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Well, you have one method, so implement it now so you have something that works to submit. A brute-force solution should not take long to code up, then you can get some performance data and you can think about the problem more deeply. Guesstimate the number of supermarkets in a reasonable shopping range in a large city. Create that many supermarket records and link them to product tables with random-ish prices, (this is more work than the solution).

Run your brute-force solution. Does it work? If it outputs a solution, 'manually' add up the prices and list them against three other 'supermarket' records taken at random, (just pick a number), showing that the total is less or equal. Modify the price of an item on your list so that the solution is no longer cheap and re-run, so that you get a different solution.

Is it so fast that no further work is justified? If so, say so in the conclusions section of your report and post the lot to your prof/TA. You understood the task, thought about it, came up with a solution, implemented it, tested it with a representative dataset and so shown that functionality is demonstrable and performance is adequate - your assignment is over, go to the bar, think about the next one over a beer.

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I am not sure what you mean by "brute force" solution. Why don't you just calculate the cost of your list of items in each of the supermarkets, and then select the minimum? Complexity would be in O(#items x #supermarkets) which is good.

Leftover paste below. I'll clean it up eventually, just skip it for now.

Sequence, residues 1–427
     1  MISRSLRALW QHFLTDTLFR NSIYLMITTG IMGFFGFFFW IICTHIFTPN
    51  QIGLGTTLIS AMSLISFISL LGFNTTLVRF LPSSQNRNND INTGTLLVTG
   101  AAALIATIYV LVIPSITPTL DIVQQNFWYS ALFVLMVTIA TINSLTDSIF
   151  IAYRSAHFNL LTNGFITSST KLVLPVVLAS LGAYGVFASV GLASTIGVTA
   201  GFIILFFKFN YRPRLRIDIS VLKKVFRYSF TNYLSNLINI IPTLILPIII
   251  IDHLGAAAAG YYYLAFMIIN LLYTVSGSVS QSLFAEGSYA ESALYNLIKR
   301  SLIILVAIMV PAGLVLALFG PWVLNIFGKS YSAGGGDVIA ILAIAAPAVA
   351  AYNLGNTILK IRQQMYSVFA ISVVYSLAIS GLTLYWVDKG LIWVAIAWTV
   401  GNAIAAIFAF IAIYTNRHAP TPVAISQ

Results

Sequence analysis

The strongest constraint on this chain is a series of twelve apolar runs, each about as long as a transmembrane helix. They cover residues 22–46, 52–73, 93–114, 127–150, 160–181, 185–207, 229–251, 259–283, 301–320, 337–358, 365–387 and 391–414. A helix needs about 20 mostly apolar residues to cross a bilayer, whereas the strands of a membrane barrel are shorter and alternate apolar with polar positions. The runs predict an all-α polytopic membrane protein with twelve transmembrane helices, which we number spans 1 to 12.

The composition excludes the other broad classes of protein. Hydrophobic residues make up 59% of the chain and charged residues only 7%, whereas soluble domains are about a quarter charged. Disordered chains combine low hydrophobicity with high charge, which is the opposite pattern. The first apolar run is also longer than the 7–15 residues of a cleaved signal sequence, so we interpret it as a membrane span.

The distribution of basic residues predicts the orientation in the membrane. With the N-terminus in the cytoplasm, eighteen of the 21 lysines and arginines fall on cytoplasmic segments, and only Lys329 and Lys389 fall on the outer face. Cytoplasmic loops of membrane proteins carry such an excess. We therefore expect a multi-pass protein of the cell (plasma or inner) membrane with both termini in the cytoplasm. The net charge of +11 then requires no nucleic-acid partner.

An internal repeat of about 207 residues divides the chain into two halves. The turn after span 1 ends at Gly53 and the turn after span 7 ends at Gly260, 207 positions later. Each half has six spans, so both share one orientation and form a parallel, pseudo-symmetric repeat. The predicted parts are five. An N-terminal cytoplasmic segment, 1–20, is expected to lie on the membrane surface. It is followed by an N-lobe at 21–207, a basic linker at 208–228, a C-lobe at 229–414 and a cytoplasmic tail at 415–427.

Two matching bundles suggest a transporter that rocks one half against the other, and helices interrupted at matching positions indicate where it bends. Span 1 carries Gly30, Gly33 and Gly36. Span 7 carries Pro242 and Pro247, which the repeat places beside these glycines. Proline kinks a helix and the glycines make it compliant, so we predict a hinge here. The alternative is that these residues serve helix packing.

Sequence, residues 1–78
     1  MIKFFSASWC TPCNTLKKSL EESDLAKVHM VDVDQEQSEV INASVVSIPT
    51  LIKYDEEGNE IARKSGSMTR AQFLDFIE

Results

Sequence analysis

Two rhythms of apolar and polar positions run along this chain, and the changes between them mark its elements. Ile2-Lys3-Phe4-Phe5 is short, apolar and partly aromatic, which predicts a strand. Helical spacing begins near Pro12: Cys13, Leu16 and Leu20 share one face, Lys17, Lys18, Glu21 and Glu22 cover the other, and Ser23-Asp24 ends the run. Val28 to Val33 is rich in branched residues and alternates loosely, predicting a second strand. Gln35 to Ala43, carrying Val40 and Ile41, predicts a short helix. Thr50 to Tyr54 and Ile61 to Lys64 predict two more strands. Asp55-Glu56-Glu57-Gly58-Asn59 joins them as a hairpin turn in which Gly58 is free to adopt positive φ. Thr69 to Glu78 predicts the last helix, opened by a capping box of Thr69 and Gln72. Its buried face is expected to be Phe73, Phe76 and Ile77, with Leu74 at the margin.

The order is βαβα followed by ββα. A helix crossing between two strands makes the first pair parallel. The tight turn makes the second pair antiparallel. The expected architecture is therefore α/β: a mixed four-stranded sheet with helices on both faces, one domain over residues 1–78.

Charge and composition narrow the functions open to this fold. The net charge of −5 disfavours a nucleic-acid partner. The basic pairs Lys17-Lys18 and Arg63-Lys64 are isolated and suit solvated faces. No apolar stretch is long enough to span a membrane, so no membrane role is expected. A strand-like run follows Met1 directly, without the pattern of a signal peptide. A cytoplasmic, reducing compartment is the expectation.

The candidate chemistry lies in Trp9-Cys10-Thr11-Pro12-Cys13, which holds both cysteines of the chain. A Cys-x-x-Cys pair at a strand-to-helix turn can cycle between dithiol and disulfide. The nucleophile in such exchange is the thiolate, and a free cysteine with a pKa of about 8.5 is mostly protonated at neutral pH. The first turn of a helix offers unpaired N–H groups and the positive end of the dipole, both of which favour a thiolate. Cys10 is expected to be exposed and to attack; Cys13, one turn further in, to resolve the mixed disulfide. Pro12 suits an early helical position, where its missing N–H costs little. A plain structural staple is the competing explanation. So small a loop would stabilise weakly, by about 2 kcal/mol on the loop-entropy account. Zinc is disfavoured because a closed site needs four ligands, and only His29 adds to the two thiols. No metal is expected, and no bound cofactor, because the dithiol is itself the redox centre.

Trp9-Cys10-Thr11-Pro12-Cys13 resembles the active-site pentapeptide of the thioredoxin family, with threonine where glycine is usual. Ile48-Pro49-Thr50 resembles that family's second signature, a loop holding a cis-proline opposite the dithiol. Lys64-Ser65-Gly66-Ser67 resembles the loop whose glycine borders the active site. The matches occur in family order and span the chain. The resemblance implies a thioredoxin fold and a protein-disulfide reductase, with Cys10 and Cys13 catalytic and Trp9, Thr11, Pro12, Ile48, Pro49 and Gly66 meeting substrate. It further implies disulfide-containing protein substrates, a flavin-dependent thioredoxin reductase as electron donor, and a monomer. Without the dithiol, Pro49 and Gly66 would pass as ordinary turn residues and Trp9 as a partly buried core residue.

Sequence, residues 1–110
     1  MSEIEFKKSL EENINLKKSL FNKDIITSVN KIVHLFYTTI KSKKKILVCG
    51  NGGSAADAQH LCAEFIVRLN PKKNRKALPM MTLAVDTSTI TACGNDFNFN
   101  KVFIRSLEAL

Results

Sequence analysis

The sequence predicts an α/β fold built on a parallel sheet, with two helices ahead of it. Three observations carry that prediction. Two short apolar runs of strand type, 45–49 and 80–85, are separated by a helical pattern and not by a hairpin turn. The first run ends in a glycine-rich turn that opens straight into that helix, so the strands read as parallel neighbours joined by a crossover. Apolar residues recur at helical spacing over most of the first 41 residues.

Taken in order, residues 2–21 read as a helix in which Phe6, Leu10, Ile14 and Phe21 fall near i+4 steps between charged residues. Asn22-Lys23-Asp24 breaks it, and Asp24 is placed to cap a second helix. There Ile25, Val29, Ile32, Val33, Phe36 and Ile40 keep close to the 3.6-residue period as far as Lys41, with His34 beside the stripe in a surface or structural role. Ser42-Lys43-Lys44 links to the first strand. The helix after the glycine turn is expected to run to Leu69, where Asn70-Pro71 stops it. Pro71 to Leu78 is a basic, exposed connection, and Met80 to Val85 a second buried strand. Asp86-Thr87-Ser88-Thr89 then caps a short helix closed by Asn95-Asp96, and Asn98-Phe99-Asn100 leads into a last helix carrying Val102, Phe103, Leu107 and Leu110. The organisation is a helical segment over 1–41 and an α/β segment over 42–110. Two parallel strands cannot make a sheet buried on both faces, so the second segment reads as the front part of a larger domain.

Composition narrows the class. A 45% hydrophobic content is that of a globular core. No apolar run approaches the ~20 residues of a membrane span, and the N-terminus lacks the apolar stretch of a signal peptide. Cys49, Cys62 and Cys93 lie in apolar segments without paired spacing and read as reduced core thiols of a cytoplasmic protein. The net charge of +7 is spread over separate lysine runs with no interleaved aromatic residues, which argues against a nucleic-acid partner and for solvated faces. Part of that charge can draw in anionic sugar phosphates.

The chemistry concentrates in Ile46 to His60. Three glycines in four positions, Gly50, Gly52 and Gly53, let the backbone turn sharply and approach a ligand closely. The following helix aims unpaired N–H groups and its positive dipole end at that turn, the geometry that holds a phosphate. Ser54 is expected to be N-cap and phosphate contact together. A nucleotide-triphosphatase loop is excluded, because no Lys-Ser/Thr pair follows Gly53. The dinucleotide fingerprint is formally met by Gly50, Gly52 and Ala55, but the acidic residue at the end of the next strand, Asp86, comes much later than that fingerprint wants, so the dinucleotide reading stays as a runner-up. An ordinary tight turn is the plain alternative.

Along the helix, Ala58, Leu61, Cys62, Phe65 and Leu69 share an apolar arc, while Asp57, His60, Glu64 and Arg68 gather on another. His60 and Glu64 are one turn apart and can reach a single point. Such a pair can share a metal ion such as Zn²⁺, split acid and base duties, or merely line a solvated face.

Regarding your data structure you can also simply have a matrix (2 dimension array) price[super][item], and use ids for your supermarkets/items.

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it would have to be more than O(items*supermarkets) because I can buy multiple items from the same supermarket and I would have to look for the one supermarket that would allow me to get the items that i need with the cheapest price. –  DonkeyKong Apr 19 '12 at 14:08
When I say brute force way, I mean finding all possible combinations of items in a supermarket and find the minimum. If I have these items, [[xy],[xz],[xyz]] => [ [[xy],[xz]] , [xyz]]. Both solutions contain the items that I need I just need to find one with the minimum cost. The biggest challenge for me is to get those combinations and to find the optimal algo to get it –  DonkeyKong Apr 19 '12 at 14:13
I don't really see why you want to find combinations, it is not like if you had the option to choose which price you will pay right? –  Victor P. Apr 20 '12 at 11:00
Say you go to the second supermarket, you will necessarily pay $15 (assuming you can't say that you will buy each item separetely as the tuple (tomato, orange, turnip) is defined - this is some quadratic problem). Assume now that you need an extra tomato, you will have to buy it separately. In my mind, a possible algorithm is to first select the biggest set of required items from the supermarket, then rest 1 to the required quantities, and iterate. –  Victor P. Apr 20 '12 at 11:06
My mistake. I don't think I explained the problem correctly. You can only but the items that you need from 1 supermarket. The program is supposed to find the supermarket that has all of the items that I need with the cheapest price. If the items are segregated by supermarkets then there is no solution. –  DonkeyKong Apr 20 '12 at 18:31